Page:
When CBS airs the 53rd Grammy Awards on Sunday, it will be the show’s 53rd attempt at getting it right — because the show still doesn’t have the right formula. It’s not alone, since in the dearth of entertainment industry awards shows, there are very few that have gotten it right.
Here’s a look at the awards shows and how they should fit onto our collective radars:
WAIT, THEY STILL HAVE THESE?
The theory goes something like this: If you hold a movie awards show in early June that a couple million kids between the prime movie-going ages of 14 and 25 are going to watch, then you can get at least 20 A-list celebrities to show up to promote their summer blockbusters. Bam! That’s the show. It has no other reason for existence and it rarely delivers anything memorable in the way of laughs or excitement. Thanks to the MTV hype machine, it’s the classic example of something that sounds like it should be cool, but after you watch it you fire off a strongly worded e-mail to MTV executives requesting two hours of your life back. Admittedly, it has its moments …
But apparently they only involve Ben Stiller. When the highlight of a show is a journeyman actor F-bombing his way through an acceptance speech, it’s time for a retooling.
Others in the class: People’s Choice Awards, the American Music Awards (because, you know, the Grammys always give preferential treatment to everyone from Iceland), the Tonys.
I’LL WATCH, BUT I’M EXPECTING LESS THAN NOTHING
Just like the music industry itself, the Grammys are struggling to find some reason to get people interested. So far, the show has failed. Miserably. It’s just too busy. It tries to hit every genre of music, and insists on bringing out piano soloists you’ve never heard of that always break whatever rhythm the show has. The performances we want to see — Dr. Dre and Eminem is looking like a must-watch this year — will probably be sandwiched between a Bob Dylan acoustic set and a Barbra Streisand solo that will send me screaming for an ESPNU Missouri Valley Conference game. If the performances do kill on stage, they actually don’t overall because the people in the audience look like they’re having about as much fun as Charlie Sheen in rehab. When the cameras pan into the audience, those record executives and A-list music talent are more likely to be checking their Blackberrys than watching Arcade Fire bang out The Suburbs. Get rid of the record people, give out more tickets to real music fans and maybe it will look like people actually are having fun. Cutting an hour from the show and telling people like Babs “Thanks but no thanks” couldn’t hurt either.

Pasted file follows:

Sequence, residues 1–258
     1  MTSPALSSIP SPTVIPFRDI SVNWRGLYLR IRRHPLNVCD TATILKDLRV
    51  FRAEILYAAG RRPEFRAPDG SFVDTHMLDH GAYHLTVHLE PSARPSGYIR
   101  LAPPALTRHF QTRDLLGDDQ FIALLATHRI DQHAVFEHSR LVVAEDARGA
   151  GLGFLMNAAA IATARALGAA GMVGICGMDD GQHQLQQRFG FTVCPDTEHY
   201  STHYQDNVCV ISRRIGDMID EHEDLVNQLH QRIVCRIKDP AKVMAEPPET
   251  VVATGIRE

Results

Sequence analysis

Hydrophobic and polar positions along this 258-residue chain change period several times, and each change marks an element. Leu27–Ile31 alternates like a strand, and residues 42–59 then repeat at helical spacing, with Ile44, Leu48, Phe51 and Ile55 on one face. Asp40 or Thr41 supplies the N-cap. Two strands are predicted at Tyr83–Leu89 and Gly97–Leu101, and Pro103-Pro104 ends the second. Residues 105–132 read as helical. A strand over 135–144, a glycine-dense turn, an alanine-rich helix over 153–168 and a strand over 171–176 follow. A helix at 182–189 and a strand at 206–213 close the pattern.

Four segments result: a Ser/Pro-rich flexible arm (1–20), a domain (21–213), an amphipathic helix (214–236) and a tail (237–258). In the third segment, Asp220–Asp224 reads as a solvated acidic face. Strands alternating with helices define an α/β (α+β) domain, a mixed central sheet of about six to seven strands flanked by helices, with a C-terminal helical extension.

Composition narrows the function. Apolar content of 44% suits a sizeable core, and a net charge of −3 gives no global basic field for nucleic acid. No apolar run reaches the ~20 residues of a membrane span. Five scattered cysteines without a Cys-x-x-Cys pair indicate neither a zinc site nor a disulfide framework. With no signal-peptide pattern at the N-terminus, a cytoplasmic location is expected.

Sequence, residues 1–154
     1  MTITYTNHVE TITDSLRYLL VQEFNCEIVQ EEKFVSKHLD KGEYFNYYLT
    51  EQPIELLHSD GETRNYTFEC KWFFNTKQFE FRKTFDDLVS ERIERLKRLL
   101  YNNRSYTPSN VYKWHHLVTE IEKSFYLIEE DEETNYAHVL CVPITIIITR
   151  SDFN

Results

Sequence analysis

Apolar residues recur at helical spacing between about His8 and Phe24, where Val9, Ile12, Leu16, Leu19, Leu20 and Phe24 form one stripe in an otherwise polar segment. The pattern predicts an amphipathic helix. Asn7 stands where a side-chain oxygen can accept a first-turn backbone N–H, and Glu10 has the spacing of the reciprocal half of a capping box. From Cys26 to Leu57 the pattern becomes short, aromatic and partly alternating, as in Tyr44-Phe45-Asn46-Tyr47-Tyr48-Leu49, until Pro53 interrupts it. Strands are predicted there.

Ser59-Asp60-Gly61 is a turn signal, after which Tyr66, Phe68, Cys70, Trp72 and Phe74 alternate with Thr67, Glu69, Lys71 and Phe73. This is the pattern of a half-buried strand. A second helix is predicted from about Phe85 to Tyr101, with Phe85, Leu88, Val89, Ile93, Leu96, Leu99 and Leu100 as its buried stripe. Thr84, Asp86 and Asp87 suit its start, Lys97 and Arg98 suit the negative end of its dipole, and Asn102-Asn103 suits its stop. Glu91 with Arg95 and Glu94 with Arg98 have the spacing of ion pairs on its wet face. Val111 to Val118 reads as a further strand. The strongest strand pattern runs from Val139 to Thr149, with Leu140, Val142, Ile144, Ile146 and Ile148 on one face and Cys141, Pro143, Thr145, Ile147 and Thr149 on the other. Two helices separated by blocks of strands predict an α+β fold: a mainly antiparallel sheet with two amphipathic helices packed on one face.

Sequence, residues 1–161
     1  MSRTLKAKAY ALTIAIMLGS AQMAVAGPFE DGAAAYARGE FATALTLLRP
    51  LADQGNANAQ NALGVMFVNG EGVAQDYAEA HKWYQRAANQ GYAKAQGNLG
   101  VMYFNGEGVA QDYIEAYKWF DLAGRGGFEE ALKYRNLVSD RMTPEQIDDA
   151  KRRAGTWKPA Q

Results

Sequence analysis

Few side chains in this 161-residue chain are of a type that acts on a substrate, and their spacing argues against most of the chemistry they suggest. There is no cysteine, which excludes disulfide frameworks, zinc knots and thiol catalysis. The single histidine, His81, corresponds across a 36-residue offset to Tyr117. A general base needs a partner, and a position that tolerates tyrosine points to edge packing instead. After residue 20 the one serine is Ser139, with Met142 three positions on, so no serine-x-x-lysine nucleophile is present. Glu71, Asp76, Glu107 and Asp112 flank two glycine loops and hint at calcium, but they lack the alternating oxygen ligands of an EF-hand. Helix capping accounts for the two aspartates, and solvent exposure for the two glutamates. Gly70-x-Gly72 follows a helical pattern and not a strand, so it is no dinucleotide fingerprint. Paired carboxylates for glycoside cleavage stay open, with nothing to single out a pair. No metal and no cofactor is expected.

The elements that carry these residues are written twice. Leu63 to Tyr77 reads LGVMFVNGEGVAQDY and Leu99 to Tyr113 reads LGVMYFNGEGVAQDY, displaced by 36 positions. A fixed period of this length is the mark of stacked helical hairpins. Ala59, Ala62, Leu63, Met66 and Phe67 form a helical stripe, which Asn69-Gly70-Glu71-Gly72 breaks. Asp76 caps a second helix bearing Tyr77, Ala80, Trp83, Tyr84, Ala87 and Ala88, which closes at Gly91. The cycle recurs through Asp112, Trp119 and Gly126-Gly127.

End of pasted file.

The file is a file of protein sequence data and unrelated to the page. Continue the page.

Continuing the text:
Others in this class: Emmys, Golden Globes, Independent Spirit Awards (because it somehow has managed to keep some of its credibility).
IT’S USUALLY OK TO DEDICATE THREE HOURS OF LIFE TO THIS
Still the gold standard of awards shows, but that’s more because it’s the oldest and most tradition-laden rather than because it’s a good show. It’s also the one the public cares most about because it’s the most easily accessible. It takes time and patience to listen to a whole album, it takes dedication to watch a whole season of a television show, but you can pop in a DVD, sit on your couch and watch a movie in 90 minutes. That’s not to say the awards show itself is anything special, because it isn’t. It’s actually the same formulaic show it’s been for the last 30 years or more. We get a monologues from the host(s), a couple quick supporting role awards, the dedications to of the best picture nominees, the smaller awards, the best song performances, the “people who died” segment and then the big awards. Done. It’s like watching CSI — always the same, just with different words. Yet it still holds cultural significance to see what people are wearing, be comforted by the constant of Jack Nicholson sitting front and center and find out who won. Even the supposedly edgy commercials are predictable! But like the show, somehow still interesting.
Others in this class: None. But if the Oscars aren’t careful, it’ll be lumped in with the Tonys in no time.